As for the issue of how people like Stephen Foster are to be judged, I think I would tend to come down on the side of those that feel they did more harm that good.  If they had not copyrighted the songs, then the songs might have been forgotten by now.  To me at least it doesn't seem fair to lay the injustices of slavery and racism at the feet of a mere compiler of folksongs.  

     Although American Old Time music is primarily derived from Scotch Irish sources, there has always been an African influence as well.  Gee, come to think of it, the banjo itself is an African instrument, and where would we be without banjos?   The African banjo was originally a drum with strings stretched over it, and eventually evolved with the assistance of American slavemasters and eventually exported back to Ireland and Scotland.

     Minstrel shows were a socially acceptable (more or less!)  way of bringing African music to the dominant culture, and heavily influenced the Old Time scene.  Much of our music has a minstrelly kind of sound to it (Raise a Rough House and Tear It Down come to mind). 

 Whistler's Jug Band had an version of Tear it Down (Fold it Down) circa 1930.  

     Uncle Dave Macon came from a family that operated a hotel, and hosted travelling musicians including minstrel shows and vaudevillians.  In those days of course there was no TV, so so find entertainment you would have to hear live entertainers, maybe performing in a makeshift auditorium or a carnival tent.  These performers traveled from city to city and provided one of the few venues in which African and European cultures were allowed to mix.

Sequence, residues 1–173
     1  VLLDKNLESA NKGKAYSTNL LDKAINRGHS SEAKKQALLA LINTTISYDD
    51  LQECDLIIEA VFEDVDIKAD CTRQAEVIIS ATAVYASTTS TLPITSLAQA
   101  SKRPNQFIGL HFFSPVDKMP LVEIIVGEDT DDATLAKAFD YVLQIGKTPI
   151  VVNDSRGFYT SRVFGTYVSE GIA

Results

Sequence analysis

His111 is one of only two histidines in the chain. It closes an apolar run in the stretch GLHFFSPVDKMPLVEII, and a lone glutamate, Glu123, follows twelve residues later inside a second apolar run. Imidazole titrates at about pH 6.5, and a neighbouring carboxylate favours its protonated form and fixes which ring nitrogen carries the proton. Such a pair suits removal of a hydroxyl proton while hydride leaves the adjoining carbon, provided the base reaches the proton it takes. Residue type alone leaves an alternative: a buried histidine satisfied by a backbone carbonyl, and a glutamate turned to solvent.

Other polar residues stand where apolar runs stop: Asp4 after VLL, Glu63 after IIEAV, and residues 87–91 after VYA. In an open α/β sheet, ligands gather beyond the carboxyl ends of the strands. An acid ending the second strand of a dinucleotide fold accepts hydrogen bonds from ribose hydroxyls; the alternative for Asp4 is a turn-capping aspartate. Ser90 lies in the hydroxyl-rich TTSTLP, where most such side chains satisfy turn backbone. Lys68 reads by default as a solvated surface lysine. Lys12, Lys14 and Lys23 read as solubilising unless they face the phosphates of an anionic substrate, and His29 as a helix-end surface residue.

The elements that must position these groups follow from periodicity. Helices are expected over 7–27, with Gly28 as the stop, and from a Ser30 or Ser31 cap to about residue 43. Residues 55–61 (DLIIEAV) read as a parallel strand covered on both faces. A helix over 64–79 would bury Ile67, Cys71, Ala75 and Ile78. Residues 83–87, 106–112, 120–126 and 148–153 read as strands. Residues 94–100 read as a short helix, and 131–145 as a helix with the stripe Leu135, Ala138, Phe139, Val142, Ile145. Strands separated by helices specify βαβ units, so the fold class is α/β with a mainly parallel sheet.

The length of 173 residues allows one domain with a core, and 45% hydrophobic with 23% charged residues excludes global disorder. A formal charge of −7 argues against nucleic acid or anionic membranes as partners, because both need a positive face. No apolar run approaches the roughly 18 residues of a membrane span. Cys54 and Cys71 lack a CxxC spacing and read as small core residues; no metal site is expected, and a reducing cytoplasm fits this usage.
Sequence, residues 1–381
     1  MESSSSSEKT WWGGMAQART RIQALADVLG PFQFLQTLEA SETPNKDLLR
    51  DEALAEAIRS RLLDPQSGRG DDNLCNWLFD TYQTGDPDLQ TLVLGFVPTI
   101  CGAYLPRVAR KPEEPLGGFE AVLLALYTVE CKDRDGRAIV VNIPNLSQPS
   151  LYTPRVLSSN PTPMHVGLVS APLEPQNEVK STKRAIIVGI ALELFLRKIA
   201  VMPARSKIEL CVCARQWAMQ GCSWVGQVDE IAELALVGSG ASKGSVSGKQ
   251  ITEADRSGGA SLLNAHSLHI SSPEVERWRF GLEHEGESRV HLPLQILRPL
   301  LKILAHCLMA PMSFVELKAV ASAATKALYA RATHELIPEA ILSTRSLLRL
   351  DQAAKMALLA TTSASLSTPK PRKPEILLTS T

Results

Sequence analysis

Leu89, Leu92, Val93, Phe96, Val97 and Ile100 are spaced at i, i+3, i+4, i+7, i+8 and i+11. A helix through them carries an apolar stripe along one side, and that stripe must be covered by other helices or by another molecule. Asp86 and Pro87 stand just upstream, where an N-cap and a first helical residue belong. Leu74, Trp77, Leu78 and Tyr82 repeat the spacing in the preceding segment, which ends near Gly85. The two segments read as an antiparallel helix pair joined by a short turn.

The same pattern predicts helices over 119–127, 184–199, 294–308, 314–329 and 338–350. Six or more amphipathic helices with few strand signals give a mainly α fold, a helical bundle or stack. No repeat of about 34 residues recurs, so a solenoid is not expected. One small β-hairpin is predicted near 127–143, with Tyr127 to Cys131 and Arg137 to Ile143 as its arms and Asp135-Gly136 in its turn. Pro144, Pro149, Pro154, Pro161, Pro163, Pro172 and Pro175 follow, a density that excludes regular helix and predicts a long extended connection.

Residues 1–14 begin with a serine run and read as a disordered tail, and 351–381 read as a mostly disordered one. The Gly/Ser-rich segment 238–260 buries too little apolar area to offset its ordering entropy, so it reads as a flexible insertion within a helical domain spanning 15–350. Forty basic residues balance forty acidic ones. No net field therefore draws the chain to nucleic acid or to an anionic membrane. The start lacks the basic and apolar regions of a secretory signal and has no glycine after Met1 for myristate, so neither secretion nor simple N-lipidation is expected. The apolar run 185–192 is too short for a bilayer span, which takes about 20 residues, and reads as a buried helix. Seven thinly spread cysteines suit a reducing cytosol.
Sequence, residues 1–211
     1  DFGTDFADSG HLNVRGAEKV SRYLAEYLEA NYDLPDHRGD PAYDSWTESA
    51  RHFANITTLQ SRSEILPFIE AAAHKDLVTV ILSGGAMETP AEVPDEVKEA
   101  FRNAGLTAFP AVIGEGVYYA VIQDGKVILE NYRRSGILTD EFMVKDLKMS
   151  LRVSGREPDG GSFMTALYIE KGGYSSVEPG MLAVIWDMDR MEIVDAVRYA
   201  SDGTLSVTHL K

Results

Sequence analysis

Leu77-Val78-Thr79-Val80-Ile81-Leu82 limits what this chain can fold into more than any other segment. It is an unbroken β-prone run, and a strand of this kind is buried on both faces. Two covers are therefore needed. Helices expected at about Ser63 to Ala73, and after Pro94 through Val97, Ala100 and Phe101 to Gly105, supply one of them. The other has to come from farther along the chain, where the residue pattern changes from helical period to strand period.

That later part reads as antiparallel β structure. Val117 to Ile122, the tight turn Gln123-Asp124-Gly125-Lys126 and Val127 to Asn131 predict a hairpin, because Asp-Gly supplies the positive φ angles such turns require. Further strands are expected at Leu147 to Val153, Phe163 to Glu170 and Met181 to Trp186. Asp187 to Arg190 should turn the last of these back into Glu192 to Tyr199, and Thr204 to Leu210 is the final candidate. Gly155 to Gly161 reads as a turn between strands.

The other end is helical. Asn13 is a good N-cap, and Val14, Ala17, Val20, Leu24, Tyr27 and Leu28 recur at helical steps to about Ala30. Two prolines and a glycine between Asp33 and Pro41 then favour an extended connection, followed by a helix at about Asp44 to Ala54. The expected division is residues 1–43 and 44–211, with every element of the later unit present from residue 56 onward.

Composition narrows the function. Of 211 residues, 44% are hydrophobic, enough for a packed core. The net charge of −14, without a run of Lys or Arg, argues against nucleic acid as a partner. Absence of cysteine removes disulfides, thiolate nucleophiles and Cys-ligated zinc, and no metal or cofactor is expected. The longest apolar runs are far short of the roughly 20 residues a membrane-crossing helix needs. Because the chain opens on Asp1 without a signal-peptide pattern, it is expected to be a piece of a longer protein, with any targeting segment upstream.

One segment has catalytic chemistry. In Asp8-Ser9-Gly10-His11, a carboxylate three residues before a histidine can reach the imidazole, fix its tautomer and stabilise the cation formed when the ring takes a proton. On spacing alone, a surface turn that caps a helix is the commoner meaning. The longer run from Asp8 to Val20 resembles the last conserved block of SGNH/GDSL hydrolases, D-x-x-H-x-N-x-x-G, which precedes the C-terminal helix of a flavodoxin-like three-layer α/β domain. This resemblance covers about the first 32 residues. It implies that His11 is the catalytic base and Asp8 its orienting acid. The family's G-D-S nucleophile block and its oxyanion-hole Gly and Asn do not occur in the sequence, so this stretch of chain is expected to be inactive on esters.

Hence Uncle Dave learned many of his famous songs from musicians working the show circuit.  No doubt there are many, many other connections between African American and Old Time musicians, and Uncle Dave is just a single (if very prominent) example.  

 Dave Macon was one of several famous musicians who was influenced by vaudeville as well as minstrel shows. 

    Parenthetically, I might add that we don't like to admit that our ancestors used to like appearing in blackface and singing African-inspired songs.  However, the fact of the matter is that it indeed was considered quite acceptable at the time. 

Tuesday, July 2, 2013

Honeywagon's Bluegrass Fusion: Michael Jackson's Billie Jean

     As another example of Musical Fusion (in this case taking a song that was originally performed in a Pop format, and incorporating elements of Bluegrass and Blues), please check out this video of Billie Jean, originally written and performed by Michael Jackson, but adapted by a group called Honeywagon: